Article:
BY DR EMILY BALDWIN
Posted: 16 June, 2009
It’s certainly happened before – the formation of our own Moon spawned from the collision of a Mars-sized body with the young Earth, and the Solar System’s inhabitants are constantly at risk of a bump by a passing asteroid that strays too close. But what of planets careering around the Solar System like an out-of-control pinball game?
There is a one percent chance that collisions between the inner planets will occur within the lifetime of our Sun. Image: NASA/JPL-Caltech/T. Pyle (SSC/Caltech).
Jacques Lasker and Mickael Gastineau of the Paris Observatory have been working on the problem of predicting how planetary orbits will evolve in the future. Using the most detailed information available about the position and orbital velocity of the Solar System’s major bodies, including our own Moon, the duo conducted simulations of how the orbits could change over the predicted life time of our Sun, five billion years.
Some 2,500 simulations later, Lasker and Gastineau show that the steady dance of the planets around the Sun can be disturbed by the unrelenting gravitational attractions between the planets, such that there is a one percent chance that utter chaos will ensue before the Sun reaches the end of its lifetime. The culprit, surprisingly, is small and unsuspecting Mercury.
In spite of its diminutive size, should Mercury become trapped in a particular resonance with Jupiter, its journey around the Sun would become so eccentric that it could either fall into the Sun itself or meet Venus in a head-on collision. In one simulation, a Mercury-Venus collision happens as early as 1.76 billion years from now.
Perhaps more surprising, a subsequent decrease in Mercury’s eccentricity from an initially high-eccentricity state results in a transfer of angular momentum from the giant planets that destabilises the orbits of all the terrestrial planets, 3.34 billion years from now, resulting in numerous possible collision scenarios between Mercury, Mars or Venus with the Earth. One solution saw Mars approach the Earth with just 800 kilometres to spare. Such a close encounter would cause extreme tidal stress on the Red Planet, ripping it apart and sending a curtain of rocky debris crashing down onto our planet, devastating any life still existing on the Earth.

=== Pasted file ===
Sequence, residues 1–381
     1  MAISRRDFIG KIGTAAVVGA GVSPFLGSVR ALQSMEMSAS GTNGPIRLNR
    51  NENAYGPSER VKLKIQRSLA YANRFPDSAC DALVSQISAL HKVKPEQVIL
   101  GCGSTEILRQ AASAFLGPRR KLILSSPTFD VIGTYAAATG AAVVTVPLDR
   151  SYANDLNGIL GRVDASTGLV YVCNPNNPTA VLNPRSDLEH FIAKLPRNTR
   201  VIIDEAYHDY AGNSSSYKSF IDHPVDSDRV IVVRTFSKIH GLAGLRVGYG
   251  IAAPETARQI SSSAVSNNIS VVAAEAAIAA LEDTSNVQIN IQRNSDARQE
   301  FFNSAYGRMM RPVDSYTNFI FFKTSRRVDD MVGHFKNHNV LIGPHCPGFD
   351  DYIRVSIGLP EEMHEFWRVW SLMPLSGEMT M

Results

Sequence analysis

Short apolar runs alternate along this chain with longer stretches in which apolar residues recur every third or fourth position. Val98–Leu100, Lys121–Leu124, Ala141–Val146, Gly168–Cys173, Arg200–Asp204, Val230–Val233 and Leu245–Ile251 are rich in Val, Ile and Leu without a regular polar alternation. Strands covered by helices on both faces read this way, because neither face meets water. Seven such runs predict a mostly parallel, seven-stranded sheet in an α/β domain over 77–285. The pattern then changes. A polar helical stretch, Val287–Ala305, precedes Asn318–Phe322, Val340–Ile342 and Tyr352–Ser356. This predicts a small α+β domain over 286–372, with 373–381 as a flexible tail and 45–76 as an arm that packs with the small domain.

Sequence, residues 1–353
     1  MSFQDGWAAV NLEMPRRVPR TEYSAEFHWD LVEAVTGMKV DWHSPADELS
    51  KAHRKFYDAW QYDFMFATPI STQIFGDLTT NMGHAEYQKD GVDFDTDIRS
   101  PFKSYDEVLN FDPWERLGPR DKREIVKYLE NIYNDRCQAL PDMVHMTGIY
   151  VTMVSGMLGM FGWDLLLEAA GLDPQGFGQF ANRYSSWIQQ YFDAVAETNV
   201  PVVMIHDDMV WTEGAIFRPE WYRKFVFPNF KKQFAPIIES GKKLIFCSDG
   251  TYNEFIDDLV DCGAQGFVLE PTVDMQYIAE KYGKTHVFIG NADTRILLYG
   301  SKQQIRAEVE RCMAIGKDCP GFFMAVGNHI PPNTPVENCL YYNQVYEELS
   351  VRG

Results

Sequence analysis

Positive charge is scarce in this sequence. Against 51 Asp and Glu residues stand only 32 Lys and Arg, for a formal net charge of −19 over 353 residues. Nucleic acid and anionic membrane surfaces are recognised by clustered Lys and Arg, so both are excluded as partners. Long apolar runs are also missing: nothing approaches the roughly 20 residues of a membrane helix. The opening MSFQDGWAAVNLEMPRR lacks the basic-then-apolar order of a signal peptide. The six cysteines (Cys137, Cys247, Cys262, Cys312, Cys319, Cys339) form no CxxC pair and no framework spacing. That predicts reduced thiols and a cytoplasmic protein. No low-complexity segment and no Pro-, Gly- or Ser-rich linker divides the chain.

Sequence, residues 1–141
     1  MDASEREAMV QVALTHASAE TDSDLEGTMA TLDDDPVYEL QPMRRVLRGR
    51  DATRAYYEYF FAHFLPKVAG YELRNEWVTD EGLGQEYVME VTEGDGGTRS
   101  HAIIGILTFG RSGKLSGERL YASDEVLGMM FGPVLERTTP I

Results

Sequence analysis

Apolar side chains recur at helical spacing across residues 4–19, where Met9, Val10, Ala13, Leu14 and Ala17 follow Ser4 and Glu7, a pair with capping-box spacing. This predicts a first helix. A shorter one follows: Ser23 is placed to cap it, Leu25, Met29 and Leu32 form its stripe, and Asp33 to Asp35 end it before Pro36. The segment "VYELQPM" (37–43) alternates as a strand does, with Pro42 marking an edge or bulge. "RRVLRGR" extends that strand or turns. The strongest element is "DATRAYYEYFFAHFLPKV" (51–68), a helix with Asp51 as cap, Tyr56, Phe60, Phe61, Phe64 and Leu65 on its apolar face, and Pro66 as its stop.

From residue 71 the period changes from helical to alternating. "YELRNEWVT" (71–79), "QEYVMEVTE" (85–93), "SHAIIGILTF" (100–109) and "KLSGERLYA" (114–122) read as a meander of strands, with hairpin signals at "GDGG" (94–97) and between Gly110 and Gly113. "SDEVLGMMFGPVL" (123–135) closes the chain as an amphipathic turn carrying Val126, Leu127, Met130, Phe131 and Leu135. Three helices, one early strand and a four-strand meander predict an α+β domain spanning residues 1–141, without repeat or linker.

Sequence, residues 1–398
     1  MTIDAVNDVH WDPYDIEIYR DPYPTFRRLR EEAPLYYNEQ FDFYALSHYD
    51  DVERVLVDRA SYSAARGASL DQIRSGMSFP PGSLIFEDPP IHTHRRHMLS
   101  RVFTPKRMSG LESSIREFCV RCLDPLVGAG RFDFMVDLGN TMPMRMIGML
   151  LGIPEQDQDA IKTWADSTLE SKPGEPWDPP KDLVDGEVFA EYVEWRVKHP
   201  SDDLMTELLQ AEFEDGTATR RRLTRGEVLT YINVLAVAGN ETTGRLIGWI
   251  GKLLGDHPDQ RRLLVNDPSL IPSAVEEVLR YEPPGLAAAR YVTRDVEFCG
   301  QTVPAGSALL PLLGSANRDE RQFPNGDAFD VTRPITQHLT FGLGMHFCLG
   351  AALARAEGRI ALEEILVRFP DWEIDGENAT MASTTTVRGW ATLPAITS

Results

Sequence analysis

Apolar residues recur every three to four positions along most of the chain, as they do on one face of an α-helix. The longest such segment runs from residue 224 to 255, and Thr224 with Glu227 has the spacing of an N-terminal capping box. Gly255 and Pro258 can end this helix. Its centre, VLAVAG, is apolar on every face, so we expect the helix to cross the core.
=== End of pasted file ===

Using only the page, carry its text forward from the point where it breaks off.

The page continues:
A collision between Venus and Earth or Mercury and Earth could also occur, and in one extreme scenario Mars was ejected from the Solar System altogether.
Despite the interplanetary melee that a number of the simulations predicted, the future isn’t as bad as it may sound, since there is a 99 percent chance that the orbits of the four inner rocky planets of the Solar System will continue like clockwork for the next five billion years. Of course, around this time, our Sun will evolve into a red giant star to gobble up the rocky planets anyway.
Further details of the simulations and evolution of the planetary orbits can be found in Lasker and Gastineau’s paper Existence of collisional trajectories of Mercury, Mars and Venus with the Earth, published in the 11 June edition of the journal Nature.
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